This outcome was just a really strange fit for one of my favorite players in the entire draft. Stauskas heads to a Sacramento team that just last year took former Kansas wing Ben McLemore. Stauskas is a better, far more polished version, but this remains a team without a true point guard, which now has two 6-foot-6 shooters who need the ball to be effective.
Another draft where the Wolves blew a real opportunity. Zach LaVine is as green as a ninja turtle and a project that this team simply doesn't have the time to wait on. Right now, LaVine is merely a superior athlete who can make 3s, but not much else. His shot selection and defensive breakdowns will become a serious issue, as will Glenn Robinson II, Minnesota's second-round pick. Robinson is another project who is light-years away from becoming a legitimate NBA player.
New Orleans Pelicans
New Orleans could have had the 10th pick if not for the Jrue Holiday deal one year ago. The Pelicans need to add help around Anthony Davis -- and with the talent on the board at 10, it would have been the perfect time to do so.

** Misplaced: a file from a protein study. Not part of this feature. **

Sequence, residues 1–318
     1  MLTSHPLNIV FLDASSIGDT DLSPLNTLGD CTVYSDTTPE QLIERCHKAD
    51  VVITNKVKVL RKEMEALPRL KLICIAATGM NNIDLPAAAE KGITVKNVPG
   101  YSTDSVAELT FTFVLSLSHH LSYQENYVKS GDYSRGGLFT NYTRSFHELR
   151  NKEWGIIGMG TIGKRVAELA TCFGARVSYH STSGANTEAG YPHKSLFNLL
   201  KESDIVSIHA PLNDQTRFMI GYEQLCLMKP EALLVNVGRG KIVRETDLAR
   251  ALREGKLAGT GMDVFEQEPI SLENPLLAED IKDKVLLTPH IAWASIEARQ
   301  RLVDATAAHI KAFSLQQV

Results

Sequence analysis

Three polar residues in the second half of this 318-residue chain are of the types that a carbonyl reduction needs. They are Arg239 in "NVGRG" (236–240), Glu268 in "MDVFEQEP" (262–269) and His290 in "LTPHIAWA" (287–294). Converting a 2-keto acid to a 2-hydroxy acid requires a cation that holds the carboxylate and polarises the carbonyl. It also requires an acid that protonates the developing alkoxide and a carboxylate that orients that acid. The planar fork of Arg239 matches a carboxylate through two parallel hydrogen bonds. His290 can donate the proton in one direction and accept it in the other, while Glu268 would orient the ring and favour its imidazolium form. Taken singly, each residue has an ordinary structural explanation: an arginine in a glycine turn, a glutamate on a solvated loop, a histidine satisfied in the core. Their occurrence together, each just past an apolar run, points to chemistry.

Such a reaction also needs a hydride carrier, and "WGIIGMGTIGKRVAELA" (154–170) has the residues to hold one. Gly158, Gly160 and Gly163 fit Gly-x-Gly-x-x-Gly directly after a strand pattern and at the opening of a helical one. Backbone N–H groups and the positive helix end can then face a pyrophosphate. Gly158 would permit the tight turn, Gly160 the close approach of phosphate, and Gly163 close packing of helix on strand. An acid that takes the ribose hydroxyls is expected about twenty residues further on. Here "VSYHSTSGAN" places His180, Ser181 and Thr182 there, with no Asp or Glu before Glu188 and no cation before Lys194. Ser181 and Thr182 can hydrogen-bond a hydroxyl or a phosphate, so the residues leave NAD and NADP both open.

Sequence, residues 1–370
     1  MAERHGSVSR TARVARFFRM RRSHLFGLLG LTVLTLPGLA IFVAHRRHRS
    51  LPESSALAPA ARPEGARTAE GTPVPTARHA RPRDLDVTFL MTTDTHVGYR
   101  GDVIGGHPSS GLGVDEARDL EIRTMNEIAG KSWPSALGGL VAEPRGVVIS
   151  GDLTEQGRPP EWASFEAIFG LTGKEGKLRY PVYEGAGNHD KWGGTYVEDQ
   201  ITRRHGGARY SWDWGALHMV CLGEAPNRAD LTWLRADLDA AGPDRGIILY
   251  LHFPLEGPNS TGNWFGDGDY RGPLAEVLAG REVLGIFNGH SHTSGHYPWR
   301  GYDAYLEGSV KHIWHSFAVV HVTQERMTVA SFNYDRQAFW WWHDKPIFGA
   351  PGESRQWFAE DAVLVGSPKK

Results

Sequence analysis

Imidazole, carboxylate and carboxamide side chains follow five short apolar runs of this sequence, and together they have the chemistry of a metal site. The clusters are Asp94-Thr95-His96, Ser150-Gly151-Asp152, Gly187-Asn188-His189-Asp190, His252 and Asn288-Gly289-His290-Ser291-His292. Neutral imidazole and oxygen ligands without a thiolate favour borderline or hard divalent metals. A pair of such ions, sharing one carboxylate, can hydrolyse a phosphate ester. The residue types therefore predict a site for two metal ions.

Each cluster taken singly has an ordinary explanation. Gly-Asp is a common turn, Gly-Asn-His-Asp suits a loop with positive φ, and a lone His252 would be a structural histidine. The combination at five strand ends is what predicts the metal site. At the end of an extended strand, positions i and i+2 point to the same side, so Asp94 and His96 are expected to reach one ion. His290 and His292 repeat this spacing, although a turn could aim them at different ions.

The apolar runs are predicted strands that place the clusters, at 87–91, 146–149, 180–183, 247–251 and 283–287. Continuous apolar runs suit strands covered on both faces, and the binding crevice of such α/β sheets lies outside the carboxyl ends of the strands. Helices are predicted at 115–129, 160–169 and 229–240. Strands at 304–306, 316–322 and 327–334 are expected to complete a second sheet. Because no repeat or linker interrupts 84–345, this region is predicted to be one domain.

Vonleh would have been a top three pick in most drafts, but instead slides to Charlotte at nine. Now, he will have to play alongside last year's lottery pick Cody Zeller, another former Indiana star. Vonleh is a big-time talent who could become a star. However, he remains very raw, and Charlotte has a way of not developing guys.
This was not the draft to swing for the fences at 20, but GM Masai Ujiri did just that, selecting Brazilian forward Bruno Caboclo. Caboclo is another major talent with real upside, who remains light-years away from developing into an NBA player. Frankly, Toronto doesn't have the time to wait.